Purchasing a 150 ..or not ...??

Purchasing a 150 ..or not ...??

<HTML>I have been thinking about obtaining my pilots liscense for sometime now. Some questions that I have encountered are as follows:

1) I want to purchase a 150 to use during training and would like input on this idea as well as any info on 1st time buyers.

2) I have intentions of flying in excess of 200 miles from port and have yet to find any articles on the comfort of the 150 on long distances. I took an intro course and found quarters to be quite cramped. Wheres the head on these things?

3) What deductions, if any,  would I be allowed since the majority of airtime will be for business?

4) my main intention is simple? I Travel frequently in the midwest, northeast and northwest for work as well as south for pleasure. Once I am there I stay from apx. 2 weeks to 3 months and possibly longer/shorter depeding on the job requirements. I have logged well over 70,000 miles in less than 2 yrs and well, to be quite honest, tired of traffic.. jams.

5) I know I am far from this, however, what types of small amphibious craft are availably?

6) what are the limitations on the 150 as far as weather conditions?

7) after evaluating the performance characteristics of the 150, what other manufacturers and models are out there that perform better yet similar in size?

Any other info or considerations would be greatly appreciated !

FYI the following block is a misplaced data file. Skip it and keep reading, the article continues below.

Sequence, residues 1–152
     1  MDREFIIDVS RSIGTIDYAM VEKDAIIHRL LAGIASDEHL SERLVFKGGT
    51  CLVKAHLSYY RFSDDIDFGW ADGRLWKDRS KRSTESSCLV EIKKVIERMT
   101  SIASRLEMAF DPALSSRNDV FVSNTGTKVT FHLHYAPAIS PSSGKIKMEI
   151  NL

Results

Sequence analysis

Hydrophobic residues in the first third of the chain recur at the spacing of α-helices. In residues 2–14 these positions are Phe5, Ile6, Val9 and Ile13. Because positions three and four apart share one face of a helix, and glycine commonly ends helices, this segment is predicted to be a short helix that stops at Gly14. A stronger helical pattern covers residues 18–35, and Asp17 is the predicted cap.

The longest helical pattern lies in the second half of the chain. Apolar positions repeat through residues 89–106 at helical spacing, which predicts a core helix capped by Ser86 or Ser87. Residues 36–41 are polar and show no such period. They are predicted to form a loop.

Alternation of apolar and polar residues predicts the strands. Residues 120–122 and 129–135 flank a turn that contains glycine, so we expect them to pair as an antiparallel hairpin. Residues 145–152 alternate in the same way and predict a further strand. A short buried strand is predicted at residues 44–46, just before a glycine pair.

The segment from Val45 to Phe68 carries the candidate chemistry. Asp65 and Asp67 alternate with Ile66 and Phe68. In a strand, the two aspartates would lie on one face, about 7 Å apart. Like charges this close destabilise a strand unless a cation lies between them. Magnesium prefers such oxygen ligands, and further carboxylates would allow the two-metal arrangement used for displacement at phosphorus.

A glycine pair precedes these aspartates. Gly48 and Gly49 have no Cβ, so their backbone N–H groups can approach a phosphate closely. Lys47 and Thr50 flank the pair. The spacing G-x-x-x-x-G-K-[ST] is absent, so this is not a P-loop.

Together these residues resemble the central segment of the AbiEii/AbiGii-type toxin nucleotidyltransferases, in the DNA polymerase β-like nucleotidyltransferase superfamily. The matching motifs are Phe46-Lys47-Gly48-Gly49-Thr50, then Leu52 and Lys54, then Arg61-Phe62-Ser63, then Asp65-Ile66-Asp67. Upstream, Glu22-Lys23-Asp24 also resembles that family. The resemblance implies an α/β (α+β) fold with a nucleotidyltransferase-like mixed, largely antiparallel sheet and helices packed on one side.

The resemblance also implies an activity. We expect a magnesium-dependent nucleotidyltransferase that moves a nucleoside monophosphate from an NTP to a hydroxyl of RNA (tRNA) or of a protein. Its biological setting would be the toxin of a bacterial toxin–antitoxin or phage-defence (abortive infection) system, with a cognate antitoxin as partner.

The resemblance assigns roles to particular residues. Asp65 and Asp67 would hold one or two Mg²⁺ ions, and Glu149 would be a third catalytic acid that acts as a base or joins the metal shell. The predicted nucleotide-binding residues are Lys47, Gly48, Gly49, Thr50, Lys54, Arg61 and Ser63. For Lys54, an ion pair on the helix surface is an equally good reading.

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Re: Purchasing a 150 ..or not ...??

<HTML>In my personal opinion,the 150 is one of the toughest little planes ever built,Theyre very forgiving,and were originally built for students...I have a 1970 150k,and after the wife and myself restored it,unprgaded it to IFR,I finished my private(after 25 years) and shes now working on hers.
Obviously there is little room for "thrashing about" and weve found that about two hours on one hop is all we care to handle,we land,stretch our legs,eat,and back up.
Economy-wise you cant beat the fuel economy,and ease of maintenance,Annuals are typically cheap,and even a Major engine Overhaul is in-expensive(by todays standards).I suspect there are just as many 152s out there as 150s,and the difference is fairly suttle,the 152 has a 110 HP Lycoming engine,and a maximum flap range of 30 degrees,while the 150 has a Continental 0-200 100 horse engine,and 40 degrees max flaps.As far as more room in the 152,there is some improvement,but not much,and as far as comparing airborne carachteristics,theyre almost Identical.The "V" speeds are a little different,but very close.
IF youre serious about getting youre license,and continuing to fly afterward,ownership is the way to go,but if youre main goal is to get the license,and then occasionally go zoomin,I suspect rental is youre best option.Drop me an email Ill give you some specifics(in my case)....Tailwinds</HTML>

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Re: Purchasing a 150 ..or not ...??

<HTML>The 150 is a great little (emphasis on "little") airplane.  It's safe, reliable, fun to fly, inexpensive to operate and maintain, and has historically held its value quite well.  I owned one for several years in the early 1980s, and flew it from California to Florida and back.  They're no speed demons, and space is a little cramped (especially if you're over six feet tall and/or weigh more than 200 pounds).  There really aren't a lot of competitive airplanes made in the large numbers as the 150 and 152 (the large number of airplanes manufactured translates into a larger selection when shopping and readily available parts).